Cholestasis induced by BSEP inhibition, for example, by drugs, is a rare event observed in patients. Hence, there need to be underlying mechanisms rendering such patients susceptible to BSEP inhibition. A strong candidate is the genetic background. Recently, the variation of BSEP protein expression levels was studied in 110 healthy liver specimens by Western blotting [63]. BSEP expression levels of these individuals were found to display a unimodal distribution and showed no correlation with, for example, sex or medication. Importantly, 17% of the individuals were found to have a low or very low expression level. In these individuals, low BSEP expression level was found to be associated with the nonsynonymous 1457C allele (444A) of ABCB11. Individuals with low or very low expression levels of BSEP could be at risk of developing acquired forms of cholestasis, for example, by drugs or pregnancy.

Mice with genetically altered Bsep expression

In contrast to humans, functional inactivation of the Bsep gene (also called sister of P-glycoprotein gene, spgp) does not lead to a severe, progressive cholestasis in mice [99]. Although the knockout animals are viable and fertile, they present with mild growth retardation. Knockout animals have no abnormalities in their serum liver parameters. Their bile flow rate is slightly but not significantly lower in comparison to controls, but the total bile salt output into bile is massively reduced and their liver bile salt concentrations are increased accordingly. Biliary secretion of cholate and its conjugates is 6% of normal, supporting the key role of Bsep in canalicular taurocholate secretion. Most interestingly, these knockout mice secrete a novel tetrahydroxylated bile acid into bile [80]. The Bsep knockout animals have substantial increases of malondialdehyde levels in brain and heart, indicating an increased lipid peroxidation as a consequence of elevated serum bile acid levels [56]. If Bsep knockout animals are fed with a diet containing cholate, they become severely cholestatic and have a high mortality rate, which is more pronounced in males than females [98]. Unexpectedly, cholate-fed knockout mice secrete significant amounts of cholate conjugate into bile, indicating a salvage transport system for canalicular bile salt secretion. Comparative analysis of gene expression profiles in control and knockout-mice after cholate feeding revealed a striking upregulation of Mdr1a [98]. This observation may indicate that mouse Mdr1a could act as a salvage transporter for bile salts in conditions of high intracellular bile salt concentration. Transport studies using canalicular plasma membrane vesicles from Bsep knockout animals revealed a residual ATP-dependent transport activity for taurocholate [52]. Plasma membrane vesicles isolated from a drug-resistant Chinese hamster ovary cell line expressing high levels (about 15% of total plasma membrane proteins) of class I P-glycoprotein also exhibit ATP-dependent bile salt transport, albeit with lower affinity than Bsep [52]. Hence, Mdr1 may act as a salvage system for bile salts in case of nonfunctional or impaired Bsep. Since the affinity of Mdr1 for bile salts is much lower, intracellular bile salts may rise to toxic levels in hepatocytes and cause liver injury (see article by V. Ling, this issue). The situation in patients with PFIC2 may differ to some extent from the knockout animals since analysis of four PFIC2 patients showed no significant upregulation of MDR1 mRNA [46].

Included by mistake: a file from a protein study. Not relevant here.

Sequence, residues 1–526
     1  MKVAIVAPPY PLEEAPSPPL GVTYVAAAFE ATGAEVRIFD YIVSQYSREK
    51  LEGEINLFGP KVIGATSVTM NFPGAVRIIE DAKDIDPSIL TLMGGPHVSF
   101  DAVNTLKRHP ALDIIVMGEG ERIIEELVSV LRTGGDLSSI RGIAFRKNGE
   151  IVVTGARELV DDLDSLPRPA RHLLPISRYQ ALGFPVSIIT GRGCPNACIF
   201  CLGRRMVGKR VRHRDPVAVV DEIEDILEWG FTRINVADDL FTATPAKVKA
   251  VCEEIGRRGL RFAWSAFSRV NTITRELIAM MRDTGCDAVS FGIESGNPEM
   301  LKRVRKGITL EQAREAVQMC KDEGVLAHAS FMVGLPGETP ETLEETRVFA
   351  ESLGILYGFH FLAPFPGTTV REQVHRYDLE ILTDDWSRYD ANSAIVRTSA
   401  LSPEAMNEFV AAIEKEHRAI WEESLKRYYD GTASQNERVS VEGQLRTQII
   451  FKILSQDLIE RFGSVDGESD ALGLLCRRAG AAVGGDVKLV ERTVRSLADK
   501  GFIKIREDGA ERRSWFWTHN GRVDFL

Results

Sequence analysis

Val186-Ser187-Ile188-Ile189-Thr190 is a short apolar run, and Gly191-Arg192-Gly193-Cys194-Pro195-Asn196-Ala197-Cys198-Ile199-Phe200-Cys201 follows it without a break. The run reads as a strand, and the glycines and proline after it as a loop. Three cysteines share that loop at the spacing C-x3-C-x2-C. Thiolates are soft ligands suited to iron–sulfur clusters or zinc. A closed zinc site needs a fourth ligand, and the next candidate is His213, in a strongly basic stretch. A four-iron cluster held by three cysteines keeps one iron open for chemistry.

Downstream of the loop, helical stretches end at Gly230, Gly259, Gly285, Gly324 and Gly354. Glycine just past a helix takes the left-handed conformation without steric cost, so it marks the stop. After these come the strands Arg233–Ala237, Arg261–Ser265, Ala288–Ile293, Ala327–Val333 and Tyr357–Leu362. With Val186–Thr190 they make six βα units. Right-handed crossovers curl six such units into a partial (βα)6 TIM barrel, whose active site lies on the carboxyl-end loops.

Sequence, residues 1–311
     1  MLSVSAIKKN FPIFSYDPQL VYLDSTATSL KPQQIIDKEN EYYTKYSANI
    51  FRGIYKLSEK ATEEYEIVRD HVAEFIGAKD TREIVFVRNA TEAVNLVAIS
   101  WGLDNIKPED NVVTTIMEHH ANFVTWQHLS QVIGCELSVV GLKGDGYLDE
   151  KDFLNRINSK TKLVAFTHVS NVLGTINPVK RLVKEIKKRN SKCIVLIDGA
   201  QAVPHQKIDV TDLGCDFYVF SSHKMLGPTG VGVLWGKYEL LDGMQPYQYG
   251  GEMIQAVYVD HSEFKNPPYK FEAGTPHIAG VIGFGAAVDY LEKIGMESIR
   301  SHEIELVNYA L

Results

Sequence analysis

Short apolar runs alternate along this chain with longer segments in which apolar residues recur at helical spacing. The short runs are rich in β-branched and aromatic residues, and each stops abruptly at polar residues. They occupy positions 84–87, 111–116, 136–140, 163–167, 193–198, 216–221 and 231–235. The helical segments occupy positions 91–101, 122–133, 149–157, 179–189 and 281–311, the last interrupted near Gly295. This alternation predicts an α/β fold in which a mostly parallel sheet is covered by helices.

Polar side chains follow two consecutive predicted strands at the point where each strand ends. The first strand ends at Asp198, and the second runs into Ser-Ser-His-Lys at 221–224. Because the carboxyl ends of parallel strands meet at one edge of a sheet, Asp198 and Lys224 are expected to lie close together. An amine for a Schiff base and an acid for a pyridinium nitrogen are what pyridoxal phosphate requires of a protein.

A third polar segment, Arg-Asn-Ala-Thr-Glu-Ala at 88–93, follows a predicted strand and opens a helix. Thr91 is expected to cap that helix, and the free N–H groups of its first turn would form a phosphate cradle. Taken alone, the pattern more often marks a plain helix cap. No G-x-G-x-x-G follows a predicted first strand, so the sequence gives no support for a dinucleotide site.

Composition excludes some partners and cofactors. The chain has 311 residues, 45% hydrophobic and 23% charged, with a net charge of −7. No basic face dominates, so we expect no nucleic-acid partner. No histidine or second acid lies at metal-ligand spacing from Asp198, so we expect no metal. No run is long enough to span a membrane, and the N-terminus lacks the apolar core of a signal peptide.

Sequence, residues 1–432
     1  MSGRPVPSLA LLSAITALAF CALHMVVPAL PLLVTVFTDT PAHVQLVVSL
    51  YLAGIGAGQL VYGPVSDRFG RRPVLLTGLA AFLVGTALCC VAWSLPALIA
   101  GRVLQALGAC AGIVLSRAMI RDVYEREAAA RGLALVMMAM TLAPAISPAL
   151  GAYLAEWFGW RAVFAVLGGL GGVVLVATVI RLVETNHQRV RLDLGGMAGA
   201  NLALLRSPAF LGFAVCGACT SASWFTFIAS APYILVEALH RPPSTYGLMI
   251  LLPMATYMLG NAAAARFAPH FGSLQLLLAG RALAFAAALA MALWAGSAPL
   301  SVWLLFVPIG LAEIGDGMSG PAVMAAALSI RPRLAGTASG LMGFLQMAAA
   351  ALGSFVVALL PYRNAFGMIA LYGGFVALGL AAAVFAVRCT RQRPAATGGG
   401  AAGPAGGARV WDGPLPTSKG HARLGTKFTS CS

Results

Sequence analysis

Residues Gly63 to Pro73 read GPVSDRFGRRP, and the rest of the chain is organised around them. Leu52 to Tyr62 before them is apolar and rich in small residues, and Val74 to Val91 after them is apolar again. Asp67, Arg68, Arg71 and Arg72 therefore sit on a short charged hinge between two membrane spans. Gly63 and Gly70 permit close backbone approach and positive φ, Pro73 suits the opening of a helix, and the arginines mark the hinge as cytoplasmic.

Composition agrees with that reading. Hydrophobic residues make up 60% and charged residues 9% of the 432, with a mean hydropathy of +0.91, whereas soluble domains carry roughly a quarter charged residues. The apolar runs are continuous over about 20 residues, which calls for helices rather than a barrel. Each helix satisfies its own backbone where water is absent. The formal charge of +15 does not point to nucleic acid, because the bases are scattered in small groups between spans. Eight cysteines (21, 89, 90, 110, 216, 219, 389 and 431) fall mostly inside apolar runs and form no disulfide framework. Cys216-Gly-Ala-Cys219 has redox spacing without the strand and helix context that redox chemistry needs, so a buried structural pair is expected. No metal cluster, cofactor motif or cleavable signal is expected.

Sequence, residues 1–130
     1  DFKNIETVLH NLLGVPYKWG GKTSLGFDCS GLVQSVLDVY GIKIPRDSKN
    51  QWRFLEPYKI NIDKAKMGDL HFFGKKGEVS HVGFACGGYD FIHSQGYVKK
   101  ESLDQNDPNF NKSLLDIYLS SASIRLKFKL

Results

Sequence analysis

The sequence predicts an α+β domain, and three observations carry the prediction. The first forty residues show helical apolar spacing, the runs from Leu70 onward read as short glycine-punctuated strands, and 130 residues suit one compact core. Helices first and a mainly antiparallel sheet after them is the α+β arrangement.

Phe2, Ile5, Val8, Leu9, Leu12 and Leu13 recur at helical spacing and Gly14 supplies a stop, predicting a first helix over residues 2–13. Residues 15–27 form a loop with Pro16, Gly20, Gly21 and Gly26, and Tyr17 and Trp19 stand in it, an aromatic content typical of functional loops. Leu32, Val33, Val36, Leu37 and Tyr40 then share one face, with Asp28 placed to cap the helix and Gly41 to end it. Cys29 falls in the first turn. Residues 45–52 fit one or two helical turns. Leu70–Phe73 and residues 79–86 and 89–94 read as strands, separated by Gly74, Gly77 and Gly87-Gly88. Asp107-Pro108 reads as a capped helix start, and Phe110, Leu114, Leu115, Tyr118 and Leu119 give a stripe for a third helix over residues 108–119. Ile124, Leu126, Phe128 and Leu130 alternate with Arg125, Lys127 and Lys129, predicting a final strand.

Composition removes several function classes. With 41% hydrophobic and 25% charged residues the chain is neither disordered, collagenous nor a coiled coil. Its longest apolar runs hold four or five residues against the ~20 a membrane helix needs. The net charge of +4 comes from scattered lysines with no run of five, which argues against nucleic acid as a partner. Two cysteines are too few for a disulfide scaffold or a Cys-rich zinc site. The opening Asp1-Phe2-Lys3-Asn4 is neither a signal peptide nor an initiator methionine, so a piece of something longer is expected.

Overexpression of Bsep in the liver transgenic animals leads to an increased biliary bile salt output concomitant with an increase in bile flow rate and biliary lipid secretion [26]. Fecal loss of bile salts is normal in these animals. If these mice are fed a lithogenic diet, they have a markedly reduced hepatic steatosis in comparison to controls. These findings highlight the role of Bsep in the maintenance of hepatocellular lipid homeostasis.


The gene for the bile salt export pump Bsep was initially identified as a close relative of the gene encoding P-glycoprotein. Bsep was subsequently shown to be an ATP-driven bile salt pump located to the canalicular plasma membrane of hepatocytes. In this strategic position, Bsep is a key transporter involved in canalicular bile formation and constitutes the main driving force for enterohepatic circulation of bile salts. The regulation of Bsep is set up such that bile salt concentrations in hepatocytes are kept constant at low levels. On the basis that elevated bile salt concentrations are toxic to hepatocytes [49], Bsep may act as a “vacuum cleaner” [39] for bile salts in hepatocytes. Proper function of Bsep is critical for maintaining bile salt concentration in systemic circulation in a tight range at low levels. In the light of recent findings that bile salt-mediated FXR signaling controls liver regeneration and may even control liver size [44], Bsep may move up to a key protein controlling many vital processes in liver. Furthermore, evidence that the bile acid sensor FXR is controlling glucose and lipid metabolism is rapidly accumulating [11, 16, 58]. Since FXR requires bile salt binding to act to control expression target genes, Bsep may, by controlling bile salt concentration in systemic circulation, become an important control element in body energy and lipid homeostasis. And finally, bile salts have recently been shown to control energy expenditure by controlling intracellular thyroid hormone action by binding to the G protein-coupled receptor TGR5 [43, 101].


This study was supported by grants #31-64140.00 and 3100AO112524/1 from the Swiss National Science Foundation.

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Authors and Affiliations

  1. 1.Department of Medicine, Institute of Clinical Pharmacology and ToxicologyUniversity HospitalZürichSwitzerland
  2. 2.University of BaselBaselSwitzerland